AMA to "officially" allow traction control
From Cyclenews.com this morning.....
AMA Pro Racing will cease to police traction control in the Superbike class starting with this weekend’s fifth round of the AMA Superbike Championship, a source familiar with the decision said.
The action will be taken for the rest of this season, the source, who asked not to be identified, said. The decision on whether to continue to allow traction control in 2007 and beyond will be based on the outcome of the Superbike commission meeting in Rome early next week.
The immediate affect will be a boost to Parts Unlimited Ducati, which has used a Magneti Marelli traction-control system during tests, but isn’t allowed to race it under the current AMA rules. The advantage in lap times is about a second to a second and a half, it’s believed, depending on the track.
With the benefit of the system, Xerox Ducati’s Troy Bayliss is running away with the World Superbike title and Airwaves Ducatis are one-two in the British Superbike series, which also allows traction control. It’s only in the U.S. that Ducati has struggled this year.
Parts Unlimited Ducati’s Ben Bostrom said that he’d rather see it banned completely, which would allow his dirt-tracking style to flourish. “I really like sliding the bike,” he said. “If everyone else didn’t have it on already, it would be pretty nice. The bikes are sideways, smoking the tire.” But he acknowledged there are places at Road America where it would be beneficial.
“It’s not easy getting on some of the straightaways and it’s definitely not easy coming around that Carousel,” he said. “Coming off turn 14, that last corner, there’s tire wear to be saved.” And he also said that there are a number of AMA tracks, including Barber Motorsports Park, where it would be helpful.
Kawasaki embarked on an entirely new Superbike project this year and the ZX10R is very much a work in progress. Allowing traction control, which means fitting a front-wheel sensor, means more work for the team.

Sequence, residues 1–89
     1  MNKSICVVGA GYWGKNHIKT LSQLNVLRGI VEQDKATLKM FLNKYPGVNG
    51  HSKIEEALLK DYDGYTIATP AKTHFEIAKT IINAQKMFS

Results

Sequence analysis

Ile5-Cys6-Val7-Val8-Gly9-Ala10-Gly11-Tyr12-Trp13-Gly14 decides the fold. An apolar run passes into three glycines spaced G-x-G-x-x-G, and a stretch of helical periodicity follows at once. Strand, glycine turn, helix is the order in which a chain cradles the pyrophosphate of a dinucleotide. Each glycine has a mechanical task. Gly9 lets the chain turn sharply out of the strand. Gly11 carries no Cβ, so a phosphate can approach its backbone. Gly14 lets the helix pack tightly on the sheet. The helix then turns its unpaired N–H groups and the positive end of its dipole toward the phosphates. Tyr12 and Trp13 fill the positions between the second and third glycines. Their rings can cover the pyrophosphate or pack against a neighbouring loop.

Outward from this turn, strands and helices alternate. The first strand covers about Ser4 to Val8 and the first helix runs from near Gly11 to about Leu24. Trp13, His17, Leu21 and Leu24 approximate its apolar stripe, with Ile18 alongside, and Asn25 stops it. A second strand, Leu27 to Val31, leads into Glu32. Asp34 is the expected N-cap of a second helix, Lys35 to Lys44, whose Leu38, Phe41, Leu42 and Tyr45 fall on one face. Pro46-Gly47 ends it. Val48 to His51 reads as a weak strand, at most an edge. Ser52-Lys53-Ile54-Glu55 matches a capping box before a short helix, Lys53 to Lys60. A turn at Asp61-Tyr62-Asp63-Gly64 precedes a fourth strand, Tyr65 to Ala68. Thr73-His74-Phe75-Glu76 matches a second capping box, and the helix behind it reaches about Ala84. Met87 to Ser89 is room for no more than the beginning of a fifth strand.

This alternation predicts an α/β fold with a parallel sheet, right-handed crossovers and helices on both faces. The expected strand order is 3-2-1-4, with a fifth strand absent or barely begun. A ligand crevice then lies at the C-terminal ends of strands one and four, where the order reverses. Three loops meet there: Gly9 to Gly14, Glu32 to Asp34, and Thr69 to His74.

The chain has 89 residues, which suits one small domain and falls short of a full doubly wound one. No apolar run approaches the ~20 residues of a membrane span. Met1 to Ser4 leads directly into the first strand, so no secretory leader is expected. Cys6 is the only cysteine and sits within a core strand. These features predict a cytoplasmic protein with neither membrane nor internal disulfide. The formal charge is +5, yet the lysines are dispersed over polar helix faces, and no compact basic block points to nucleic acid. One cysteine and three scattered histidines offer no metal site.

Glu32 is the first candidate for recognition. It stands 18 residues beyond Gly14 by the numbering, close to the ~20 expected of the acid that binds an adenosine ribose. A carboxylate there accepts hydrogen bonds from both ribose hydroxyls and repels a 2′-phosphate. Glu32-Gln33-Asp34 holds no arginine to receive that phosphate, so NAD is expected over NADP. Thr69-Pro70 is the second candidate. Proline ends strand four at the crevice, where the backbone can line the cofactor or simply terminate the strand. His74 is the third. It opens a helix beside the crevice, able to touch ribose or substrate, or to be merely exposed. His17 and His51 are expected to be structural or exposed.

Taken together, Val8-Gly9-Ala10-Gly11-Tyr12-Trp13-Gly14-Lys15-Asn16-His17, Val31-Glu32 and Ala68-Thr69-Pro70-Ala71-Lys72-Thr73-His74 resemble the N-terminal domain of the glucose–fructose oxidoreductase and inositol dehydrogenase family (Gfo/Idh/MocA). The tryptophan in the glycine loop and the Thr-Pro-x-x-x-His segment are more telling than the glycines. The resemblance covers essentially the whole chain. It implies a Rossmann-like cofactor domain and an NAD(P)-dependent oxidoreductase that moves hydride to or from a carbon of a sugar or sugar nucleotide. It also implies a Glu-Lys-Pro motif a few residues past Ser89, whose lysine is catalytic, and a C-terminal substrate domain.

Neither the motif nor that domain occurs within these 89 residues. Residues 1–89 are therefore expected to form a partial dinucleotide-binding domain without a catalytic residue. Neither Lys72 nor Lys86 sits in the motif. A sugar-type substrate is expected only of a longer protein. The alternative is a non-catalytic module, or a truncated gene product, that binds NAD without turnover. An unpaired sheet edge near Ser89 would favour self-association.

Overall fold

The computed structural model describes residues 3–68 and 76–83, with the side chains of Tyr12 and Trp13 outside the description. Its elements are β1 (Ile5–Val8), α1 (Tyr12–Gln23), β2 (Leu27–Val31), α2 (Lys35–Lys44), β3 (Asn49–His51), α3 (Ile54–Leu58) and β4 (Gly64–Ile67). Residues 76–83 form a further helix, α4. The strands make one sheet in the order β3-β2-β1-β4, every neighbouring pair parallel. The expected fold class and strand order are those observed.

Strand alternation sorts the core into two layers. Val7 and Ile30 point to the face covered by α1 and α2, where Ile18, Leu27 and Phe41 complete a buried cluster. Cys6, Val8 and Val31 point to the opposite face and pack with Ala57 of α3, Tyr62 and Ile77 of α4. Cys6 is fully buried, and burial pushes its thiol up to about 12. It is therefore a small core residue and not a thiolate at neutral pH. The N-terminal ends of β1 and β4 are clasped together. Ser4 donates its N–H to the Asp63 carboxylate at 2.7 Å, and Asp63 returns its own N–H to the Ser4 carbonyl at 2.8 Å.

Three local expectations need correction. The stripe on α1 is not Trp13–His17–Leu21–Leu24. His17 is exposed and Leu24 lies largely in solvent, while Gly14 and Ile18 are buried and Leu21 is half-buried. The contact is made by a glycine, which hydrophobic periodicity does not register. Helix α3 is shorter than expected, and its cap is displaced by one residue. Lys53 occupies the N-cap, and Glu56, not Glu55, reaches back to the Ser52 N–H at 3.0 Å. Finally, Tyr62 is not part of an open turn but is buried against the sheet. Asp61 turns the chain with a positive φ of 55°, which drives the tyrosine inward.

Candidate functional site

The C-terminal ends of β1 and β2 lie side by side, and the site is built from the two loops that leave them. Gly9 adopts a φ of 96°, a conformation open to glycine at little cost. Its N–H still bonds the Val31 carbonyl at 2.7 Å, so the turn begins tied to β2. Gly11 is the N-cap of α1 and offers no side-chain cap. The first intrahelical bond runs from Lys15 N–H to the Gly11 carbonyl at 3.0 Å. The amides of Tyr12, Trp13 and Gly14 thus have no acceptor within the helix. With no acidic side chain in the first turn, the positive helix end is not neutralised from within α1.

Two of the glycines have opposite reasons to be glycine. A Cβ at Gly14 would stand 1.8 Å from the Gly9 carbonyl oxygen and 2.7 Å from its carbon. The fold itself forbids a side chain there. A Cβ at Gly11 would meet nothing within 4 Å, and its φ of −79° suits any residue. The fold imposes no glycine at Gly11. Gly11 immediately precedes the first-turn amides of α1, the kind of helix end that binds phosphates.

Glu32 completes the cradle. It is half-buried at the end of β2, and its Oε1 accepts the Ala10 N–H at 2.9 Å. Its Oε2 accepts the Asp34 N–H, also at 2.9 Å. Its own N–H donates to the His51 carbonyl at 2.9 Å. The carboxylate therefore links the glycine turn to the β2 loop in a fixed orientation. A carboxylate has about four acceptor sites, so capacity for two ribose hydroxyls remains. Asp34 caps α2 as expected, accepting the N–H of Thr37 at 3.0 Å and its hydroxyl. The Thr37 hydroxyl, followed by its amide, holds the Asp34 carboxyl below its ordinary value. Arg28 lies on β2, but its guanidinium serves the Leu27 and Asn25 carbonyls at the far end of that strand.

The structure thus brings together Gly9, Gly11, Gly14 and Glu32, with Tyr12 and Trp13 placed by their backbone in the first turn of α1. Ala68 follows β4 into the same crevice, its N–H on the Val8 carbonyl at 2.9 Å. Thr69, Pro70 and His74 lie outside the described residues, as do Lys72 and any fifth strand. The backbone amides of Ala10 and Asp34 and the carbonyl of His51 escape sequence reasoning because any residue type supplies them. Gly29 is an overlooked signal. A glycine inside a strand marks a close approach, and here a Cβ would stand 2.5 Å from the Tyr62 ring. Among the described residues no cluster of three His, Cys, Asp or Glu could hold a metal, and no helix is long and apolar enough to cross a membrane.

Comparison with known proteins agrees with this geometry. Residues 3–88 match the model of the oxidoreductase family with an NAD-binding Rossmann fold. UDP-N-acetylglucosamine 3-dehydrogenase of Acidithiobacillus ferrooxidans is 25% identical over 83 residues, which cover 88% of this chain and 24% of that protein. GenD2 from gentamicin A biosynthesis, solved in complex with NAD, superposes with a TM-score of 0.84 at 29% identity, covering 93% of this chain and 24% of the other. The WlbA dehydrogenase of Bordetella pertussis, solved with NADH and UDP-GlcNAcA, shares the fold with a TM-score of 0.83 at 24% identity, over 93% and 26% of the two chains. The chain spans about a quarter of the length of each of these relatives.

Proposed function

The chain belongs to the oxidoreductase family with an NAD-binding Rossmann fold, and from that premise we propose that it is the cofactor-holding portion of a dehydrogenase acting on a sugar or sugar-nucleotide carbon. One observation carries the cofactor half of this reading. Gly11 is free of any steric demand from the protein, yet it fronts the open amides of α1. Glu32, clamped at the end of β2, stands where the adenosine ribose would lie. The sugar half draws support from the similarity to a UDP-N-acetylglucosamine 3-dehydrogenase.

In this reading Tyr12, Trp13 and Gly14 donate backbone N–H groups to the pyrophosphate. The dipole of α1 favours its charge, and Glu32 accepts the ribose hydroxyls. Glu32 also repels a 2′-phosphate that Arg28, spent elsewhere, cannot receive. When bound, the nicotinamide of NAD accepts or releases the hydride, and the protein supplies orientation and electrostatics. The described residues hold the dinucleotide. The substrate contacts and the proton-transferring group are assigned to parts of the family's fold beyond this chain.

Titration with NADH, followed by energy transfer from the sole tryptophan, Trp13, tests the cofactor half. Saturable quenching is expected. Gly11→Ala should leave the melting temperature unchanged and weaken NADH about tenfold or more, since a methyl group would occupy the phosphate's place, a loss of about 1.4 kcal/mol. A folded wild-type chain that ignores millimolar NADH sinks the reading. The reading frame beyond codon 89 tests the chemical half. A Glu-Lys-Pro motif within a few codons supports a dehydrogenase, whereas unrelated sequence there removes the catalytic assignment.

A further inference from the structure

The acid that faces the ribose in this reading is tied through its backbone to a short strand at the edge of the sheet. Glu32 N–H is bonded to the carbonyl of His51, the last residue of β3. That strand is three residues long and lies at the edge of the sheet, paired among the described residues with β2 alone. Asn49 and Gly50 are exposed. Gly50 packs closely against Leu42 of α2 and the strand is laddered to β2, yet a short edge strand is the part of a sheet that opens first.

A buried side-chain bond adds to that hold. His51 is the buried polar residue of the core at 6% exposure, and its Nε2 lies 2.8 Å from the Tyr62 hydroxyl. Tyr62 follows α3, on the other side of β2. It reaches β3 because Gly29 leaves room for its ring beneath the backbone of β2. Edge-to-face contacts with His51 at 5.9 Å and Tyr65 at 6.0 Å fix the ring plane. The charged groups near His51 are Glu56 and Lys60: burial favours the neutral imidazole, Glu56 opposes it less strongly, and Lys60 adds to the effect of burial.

Kawasaki team manager Mike Preston was less concerned with traction control than how it was implemented. “My biggest concern is the AMA,” he said. “Again, their credibility is shot. I was told face to face there’d be no more rules changes, nothing would be happening until we get some new people running the AMA.”
The AMA announced on February 18 that the Pro Racing Board was being abolished and that it would be replaced by “a new rulemaking procedure for its professional-racing programs.” The Pro Racing Board would “be replaced by independent working committees that will propose equipment standards and rules for on-track competition. Proposed rules would then be ratified by the AMA Board of Directors.”
Since those committees have never been announced, and the manufacturers had no say in this rule change, the AMA has chosen to act unilaterally, without regard for the stakeholders. “I was told by people very high above, until we get this under control, no rules changes,” Preston said.
Preston was among the race team members who attended last weekend’s meeting at Infineon Raceway where traction control, among other things, was discussed. No decision was taken, he said, because of the impending Superbike commission meeting in Rome. “Maybe they want to get rid of it,” Preston said. “We don’t really have a rules committee.”
Messages left on the cell phones of the AMA’s Director of Communication Kerry Graeber and Road Race Series Manager Ron Barrick, and on Barrick’s home phone, weren’t returned.
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